with breaking the law, although it- the front gate.
was implicated in a large number Thiry claimed, "any employe can Each member represents a Viet-
of cases and did not even keep its present any case of dissatisfaction namese killed that day; all will
activities secret. to the University and have it de- wear peasant hats and some black
According to Hanawalt, one of cided on its merits." He explained peasant garments.
the University's anatomy profes- that the dissatisfied employe should Locally, Patti Ricke is organiz-
sors made a full report to the Re- bring a complaint first to his or ing a Monday demonstration at
gents in 1869 stating that he "had her immediate supervisor, then, if the office of Rep. Marvin Esch (R-
to arrange and connive, and even agreement is not reached at that Mich.). The demonstration will
break the law," in order to obtain level, to the department head, and march under the sign "300 More
the cadavers necessary for anato- finally to the University Complaint Killed in Vietnam" and may lie
my labs. The professor subsequent- Review Committee, which is chair- down in front of the office.
ly requested a higher budget in ed by a member of personnel and
stolen bodi better prices for the includes the department head as he Original
In one documented case, the a member.
body of an Ohio man turned up PAUL CAMELET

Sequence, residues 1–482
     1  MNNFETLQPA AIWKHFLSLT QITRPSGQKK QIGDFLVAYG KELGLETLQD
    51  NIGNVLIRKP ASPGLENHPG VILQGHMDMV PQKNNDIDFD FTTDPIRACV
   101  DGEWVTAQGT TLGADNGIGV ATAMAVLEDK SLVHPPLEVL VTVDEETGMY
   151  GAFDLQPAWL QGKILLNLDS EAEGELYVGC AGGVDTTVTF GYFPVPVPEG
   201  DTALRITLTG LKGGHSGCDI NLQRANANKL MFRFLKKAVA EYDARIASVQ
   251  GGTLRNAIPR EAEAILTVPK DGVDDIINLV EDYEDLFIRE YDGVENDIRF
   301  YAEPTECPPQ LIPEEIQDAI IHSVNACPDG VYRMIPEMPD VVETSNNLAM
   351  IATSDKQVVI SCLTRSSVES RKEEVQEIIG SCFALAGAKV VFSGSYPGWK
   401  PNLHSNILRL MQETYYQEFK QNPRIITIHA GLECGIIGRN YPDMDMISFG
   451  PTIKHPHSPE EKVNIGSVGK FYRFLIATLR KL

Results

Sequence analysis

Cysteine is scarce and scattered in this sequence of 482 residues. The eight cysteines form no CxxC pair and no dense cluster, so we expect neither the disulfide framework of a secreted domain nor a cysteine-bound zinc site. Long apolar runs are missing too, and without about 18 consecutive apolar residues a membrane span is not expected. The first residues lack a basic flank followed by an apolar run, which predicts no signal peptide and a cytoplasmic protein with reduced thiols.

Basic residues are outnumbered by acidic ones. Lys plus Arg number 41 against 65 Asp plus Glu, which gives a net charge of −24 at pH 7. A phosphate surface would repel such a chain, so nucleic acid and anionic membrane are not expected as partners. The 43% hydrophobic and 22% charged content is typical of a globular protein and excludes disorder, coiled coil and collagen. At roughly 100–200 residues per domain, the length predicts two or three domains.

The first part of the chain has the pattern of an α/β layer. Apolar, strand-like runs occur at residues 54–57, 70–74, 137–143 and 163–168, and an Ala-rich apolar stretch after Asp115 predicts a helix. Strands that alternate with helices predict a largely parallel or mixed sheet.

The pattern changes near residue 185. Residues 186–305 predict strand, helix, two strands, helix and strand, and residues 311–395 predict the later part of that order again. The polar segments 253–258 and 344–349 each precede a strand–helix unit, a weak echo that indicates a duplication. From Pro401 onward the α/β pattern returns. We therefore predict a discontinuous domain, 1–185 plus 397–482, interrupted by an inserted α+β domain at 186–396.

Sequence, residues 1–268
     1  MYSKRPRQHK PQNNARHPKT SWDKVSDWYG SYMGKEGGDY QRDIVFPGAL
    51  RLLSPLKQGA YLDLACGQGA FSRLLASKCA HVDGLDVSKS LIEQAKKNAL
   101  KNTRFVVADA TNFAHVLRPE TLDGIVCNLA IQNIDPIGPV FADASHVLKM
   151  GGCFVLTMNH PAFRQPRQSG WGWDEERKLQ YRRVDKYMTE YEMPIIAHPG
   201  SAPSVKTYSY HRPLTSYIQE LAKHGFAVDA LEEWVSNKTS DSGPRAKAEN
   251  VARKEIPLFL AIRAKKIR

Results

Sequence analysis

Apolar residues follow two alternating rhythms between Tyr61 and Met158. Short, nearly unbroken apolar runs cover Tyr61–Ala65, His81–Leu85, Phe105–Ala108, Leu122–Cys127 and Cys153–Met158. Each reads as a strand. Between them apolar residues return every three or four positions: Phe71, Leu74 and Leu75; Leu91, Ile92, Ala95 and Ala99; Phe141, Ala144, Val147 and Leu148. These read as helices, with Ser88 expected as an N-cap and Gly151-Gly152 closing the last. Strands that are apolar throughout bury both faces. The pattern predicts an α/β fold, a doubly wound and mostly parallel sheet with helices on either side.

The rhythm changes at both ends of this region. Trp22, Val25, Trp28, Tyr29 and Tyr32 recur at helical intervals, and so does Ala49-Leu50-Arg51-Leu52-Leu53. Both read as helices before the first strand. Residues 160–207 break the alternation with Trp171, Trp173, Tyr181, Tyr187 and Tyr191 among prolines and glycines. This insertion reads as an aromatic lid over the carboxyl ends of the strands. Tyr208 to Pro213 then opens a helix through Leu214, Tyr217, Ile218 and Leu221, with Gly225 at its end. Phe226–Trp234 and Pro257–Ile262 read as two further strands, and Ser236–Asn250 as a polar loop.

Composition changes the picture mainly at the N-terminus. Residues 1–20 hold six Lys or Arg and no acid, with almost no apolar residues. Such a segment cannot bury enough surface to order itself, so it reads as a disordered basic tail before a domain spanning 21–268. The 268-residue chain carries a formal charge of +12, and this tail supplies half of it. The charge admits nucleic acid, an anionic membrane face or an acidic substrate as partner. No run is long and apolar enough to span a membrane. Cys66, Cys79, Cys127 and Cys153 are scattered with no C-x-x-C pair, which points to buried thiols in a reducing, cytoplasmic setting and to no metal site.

in the University medical school,
and an anatomy professor refused THE ALLEY Dean Tailor
to release it to the family until for Men and Women
they had reimbursed him the $30 330 MAYNARD alterations and remodler, also
which he had paid for it. Then specialties in shortening ladies
University President James Angell ? coats, slacks, and skirts.
finally stepped in and returned the j NOLONGER WITH
stolen body to the family without P I-BALL
CAMELET BROS.
charge.
The grave problem began to NEW MACHINES in business for himself
dwindle in 1881, when the state NO 3-4381
legislature passed laws legalizing 11:30 A.M.-12 MIDNIGHT 321 S. MAIN
the use of cadavers by medical Whittaker Building
schools. 5 BALLS PER GAME No. 204
And by now it has totally dis __
appeared, according to medical
Prof. Thomas Oerlich of the anat
amy department, who is in charge N ow OPEN SUNDAYS
of anatomical donations. S DV~ A S
The anatomy department receives
about 5,000 signed statements per 12N to P
year from individuals declaring N
their intent to will their bodies for
Wekdysand Saturdays 8:30 -8:301
anatomical studies, Oerlich said'dJU
"and that number is getting larger
all the time."C
According to Oerlich, the dissec-
tion of human bodies has become naturl f estaurant
much more widely accepted than ; a u a o d r sa r n
it was in the 1800's-even the stu- 315 S. State
dents aren't really affected by it.,
"They may be a little queasy at
first; but after a while they realize
that it's just another human being
who happens to be dead," he said. BARNEY'S FRUIT & VEGETABLE STAND
S A RE APPLE CIDER 29c O9 W 77r

WOMEN'S CRISIS CENTER
IS OPENING
MONDAY, NOVEMBER 15
2nd floor, Michigan Union
WALK-IN HOURS: 10 a.m.-midnite
TEMPORARY PHONE: 763-3241, 6 p.m.-8 a.m. starting Nov. 15
ALL WOMEN: TRAINING SESSION SUNDAY